NEW ORLEANS -- The extreme heat we are experiencing is not just affecting those who already have health problems, but healthy, in-shape people as well.
And one family is hoping that by telling its most personal story, lives will be saved.
For a family in Waveland, the warnings we all hear on the news about the dangers of this heat are all too real. On Tuesday, the Renz family buried one of its beloved relatives.
"I just don't want this to happen to anybody else. Nature is more powerful than the human being is. Take care of yourself and don't do this to your family," said a distraught Liz Renz, who just lost her husband.
In her saddest moment, she thought about helping others by telling her husband's story.
Donald Renz, 51, was proud of his new healthful lifestyle. He had lost 40 pounds and he was doing what homeowners do on their time off. He was working on his yard.
It was a little after midday last Thursday, June 28, in the extreme heat when a neighbor noticed that the weedwacker was no longer making noise, so he came over to check on Don, but it was too late. He was already slumped over. The only one home was what he called "man's best friend," his beloved westie, Dixie.
On the Mississippi Gulf Coast, this close-knit family that grew up in Kenner said goodbye to a father, husband, brother and first time grandfather-to-be.
"Don was a family guy. That's the best way to explain it. He was raised that way with our mom and dad and with his family, his wife and kids. Family was the world to Don," said his brother Deacon Eddie Renz.
LSUHSC emergency doctors say it's not only the very old and young or people with heart disease and diabetes who are getting seriously sick from the heat. Healthy people like Don are also being affected.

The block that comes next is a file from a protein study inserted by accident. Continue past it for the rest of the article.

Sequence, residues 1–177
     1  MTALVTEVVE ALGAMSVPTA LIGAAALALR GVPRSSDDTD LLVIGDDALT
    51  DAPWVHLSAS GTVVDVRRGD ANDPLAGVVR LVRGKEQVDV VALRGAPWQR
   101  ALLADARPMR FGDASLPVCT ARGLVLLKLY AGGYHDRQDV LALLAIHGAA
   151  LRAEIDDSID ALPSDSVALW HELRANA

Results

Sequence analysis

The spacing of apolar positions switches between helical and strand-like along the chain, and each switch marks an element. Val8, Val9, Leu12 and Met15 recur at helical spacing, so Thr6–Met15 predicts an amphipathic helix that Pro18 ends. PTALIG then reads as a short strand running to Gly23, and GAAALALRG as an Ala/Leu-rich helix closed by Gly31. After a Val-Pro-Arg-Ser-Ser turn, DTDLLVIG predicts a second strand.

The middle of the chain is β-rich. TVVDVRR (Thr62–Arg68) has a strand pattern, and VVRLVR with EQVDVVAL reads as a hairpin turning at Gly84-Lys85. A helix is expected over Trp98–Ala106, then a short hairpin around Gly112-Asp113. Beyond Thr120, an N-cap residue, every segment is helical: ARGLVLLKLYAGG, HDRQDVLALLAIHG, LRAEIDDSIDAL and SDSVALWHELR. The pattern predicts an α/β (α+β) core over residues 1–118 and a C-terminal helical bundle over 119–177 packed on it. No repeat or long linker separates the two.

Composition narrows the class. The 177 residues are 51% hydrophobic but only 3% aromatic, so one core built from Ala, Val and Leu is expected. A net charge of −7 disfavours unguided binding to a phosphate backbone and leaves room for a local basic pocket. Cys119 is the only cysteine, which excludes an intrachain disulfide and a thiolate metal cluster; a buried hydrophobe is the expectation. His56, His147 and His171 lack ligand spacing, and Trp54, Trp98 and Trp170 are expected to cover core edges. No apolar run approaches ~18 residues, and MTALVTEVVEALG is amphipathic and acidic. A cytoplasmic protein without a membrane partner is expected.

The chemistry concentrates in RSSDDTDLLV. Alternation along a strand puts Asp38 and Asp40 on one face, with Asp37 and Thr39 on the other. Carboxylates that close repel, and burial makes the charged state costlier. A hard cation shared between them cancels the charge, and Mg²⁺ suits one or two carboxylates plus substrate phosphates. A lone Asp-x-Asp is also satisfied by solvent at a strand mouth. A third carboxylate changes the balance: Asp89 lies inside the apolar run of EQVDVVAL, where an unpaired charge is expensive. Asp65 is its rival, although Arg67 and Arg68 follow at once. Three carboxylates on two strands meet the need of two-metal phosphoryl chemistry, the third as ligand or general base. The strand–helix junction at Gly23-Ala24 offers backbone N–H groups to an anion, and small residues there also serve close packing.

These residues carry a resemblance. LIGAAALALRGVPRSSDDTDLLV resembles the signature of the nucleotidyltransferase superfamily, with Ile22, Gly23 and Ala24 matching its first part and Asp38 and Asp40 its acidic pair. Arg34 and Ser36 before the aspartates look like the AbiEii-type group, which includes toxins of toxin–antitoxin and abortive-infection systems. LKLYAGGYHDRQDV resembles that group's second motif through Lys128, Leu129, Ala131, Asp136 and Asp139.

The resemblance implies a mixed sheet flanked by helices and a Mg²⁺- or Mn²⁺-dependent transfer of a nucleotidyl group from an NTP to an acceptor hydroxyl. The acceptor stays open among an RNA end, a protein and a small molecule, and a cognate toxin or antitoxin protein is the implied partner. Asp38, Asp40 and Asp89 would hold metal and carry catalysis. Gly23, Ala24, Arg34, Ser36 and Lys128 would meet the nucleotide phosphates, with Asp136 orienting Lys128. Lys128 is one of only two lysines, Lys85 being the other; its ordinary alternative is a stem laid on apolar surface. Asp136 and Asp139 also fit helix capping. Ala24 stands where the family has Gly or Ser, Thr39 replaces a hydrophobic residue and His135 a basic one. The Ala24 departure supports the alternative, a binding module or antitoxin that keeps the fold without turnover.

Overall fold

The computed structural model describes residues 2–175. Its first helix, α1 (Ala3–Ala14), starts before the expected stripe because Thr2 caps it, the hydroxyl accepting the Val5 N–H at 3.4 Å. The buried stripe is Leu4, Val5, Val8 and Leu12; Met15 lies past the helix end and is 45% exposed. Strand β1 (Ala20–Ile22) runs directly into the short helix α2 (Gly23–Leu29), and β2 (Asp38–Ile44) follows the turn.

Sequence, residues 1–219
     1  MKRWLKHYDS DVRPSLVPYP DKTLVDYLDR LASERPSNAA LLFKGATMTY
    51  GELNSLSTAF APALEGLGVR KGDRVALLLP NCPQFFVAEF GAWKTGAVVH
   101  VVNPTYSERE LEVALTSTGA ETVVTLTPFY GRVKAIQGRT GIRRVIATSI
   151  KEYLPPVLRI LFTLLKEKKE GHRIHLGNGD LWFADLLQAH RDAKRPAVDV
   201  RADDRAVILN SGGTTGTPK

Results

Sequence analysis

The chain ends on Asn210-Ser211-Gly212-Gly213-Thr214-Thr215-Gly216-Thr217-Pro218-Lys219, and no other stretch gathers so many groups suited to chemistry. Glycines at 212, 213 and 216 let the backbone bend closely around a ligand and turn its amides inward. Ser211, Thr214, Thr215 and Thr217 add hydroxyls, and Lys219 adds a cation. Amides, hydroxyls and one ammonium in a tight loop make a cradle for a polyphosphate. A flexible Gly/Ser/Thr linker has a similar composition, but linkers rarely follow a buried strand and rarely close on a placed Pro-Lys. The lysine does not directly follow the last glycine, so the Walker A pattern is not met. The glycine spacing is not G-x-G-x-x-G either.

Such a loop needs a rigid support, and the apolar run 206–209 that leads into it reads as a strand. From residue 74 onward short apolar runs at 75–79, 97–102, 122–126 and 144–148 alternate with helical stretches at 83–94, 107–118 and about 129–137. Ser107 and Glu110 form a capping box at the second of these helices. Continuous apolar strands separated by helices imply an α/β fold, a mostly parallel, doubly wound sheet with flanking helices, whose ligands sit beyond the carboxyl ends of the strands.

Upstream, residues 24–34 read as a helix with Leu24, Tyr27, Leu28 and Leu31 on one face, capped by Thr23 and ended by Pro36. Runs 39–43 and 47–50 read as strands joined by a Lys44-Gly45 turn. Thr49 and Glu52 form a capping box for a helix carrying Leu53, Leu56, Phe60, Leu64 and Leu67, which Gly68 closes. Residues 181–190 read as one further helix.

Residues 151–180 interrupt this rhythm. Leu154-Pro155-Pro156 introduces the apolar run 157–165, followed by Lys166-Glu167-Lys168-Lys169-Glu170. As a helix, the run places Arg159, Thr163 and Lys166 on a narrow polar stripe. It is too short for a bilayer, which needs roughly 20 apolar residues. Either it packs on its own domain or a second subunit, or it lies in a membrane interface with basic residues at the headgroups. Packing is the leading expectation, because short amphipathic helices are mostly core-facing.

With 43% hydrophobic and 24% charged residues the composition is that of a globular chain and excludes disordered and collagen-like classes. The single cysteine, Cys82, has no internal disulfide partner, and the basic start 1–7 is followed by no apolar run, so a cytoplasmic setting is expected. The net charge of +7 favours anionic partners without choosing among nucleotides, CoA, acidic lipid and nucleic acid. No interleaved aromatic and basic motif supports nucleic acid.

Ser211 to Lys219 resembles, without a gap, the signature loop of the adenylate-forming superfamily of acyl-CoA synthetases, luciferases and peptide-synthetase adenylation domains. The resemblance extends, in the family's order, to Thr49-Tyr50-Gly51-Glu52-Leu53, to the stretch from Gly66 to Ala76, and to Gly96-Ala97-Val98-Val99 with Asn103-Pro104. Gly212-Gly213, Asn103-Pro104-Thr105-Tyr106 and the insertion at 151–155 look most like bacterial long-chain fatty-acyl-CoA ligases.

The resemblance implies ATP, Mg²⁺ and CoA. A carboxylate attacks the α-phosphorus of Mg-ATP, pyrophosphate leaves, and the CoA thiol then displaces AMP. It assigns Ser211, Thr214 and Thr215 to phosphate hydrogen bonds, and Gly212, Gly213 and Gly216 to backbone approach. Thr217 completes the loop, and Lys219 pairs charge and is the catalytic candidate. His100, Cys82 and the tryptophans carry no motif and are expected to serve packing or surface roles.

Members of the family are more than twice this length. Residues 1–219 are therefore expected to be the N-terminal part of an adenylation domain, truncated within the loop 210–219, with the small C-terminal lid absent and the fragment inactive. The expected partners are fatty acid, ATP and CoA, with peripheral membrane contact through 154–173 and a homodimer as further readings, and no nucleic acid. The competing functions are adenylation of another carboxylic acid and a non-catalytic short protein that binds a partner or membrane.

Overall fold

"We are now seeing people (patients in the E.R.) where the first symptoms are confusion and vomiting and things like that. We've had a number of people in the last couple of weeks who, according to the family, say they looked fine and then all of a sudden they were close to a coma," said Dr. James Aiken, an LSUHSC Emergency Medicine specialist.
Doctors say if you're thirsty, it may be too late.
"What we fear the most about heat related illnesses, that your judgment is rapidly affected and people do not know, none of us know truly how much fluids we need in weather such as this," explained Dr. Aiken.
Don had just 15 feet left to weed before he would have been done.
"All us guys have been there before. We've done pushed ourselves to the point of where we feel lightheaded and we feel dizzy and we sometimes, we stop and sometimes we don't," Eddie said. "Let this be a lesson. Stop, go take the water, get the electrolytes, rehydrate yourself before you finish. The grass can wait."
Doctors say it's not enough to drink plenty of water in this heat. Mid-day sun must be avoided.
They say the first symptoms are thirst and sweating. That can rapidly become serious when you no longer sweat and get cramps, nausea and confusion.
If you have heart disease, diabetes or are very young or old, in minutes the heat could become fatal.
Editor's note: Medical Reporter Meg Farris thanks the family for taking time to help educate others during this most difficult and sad time.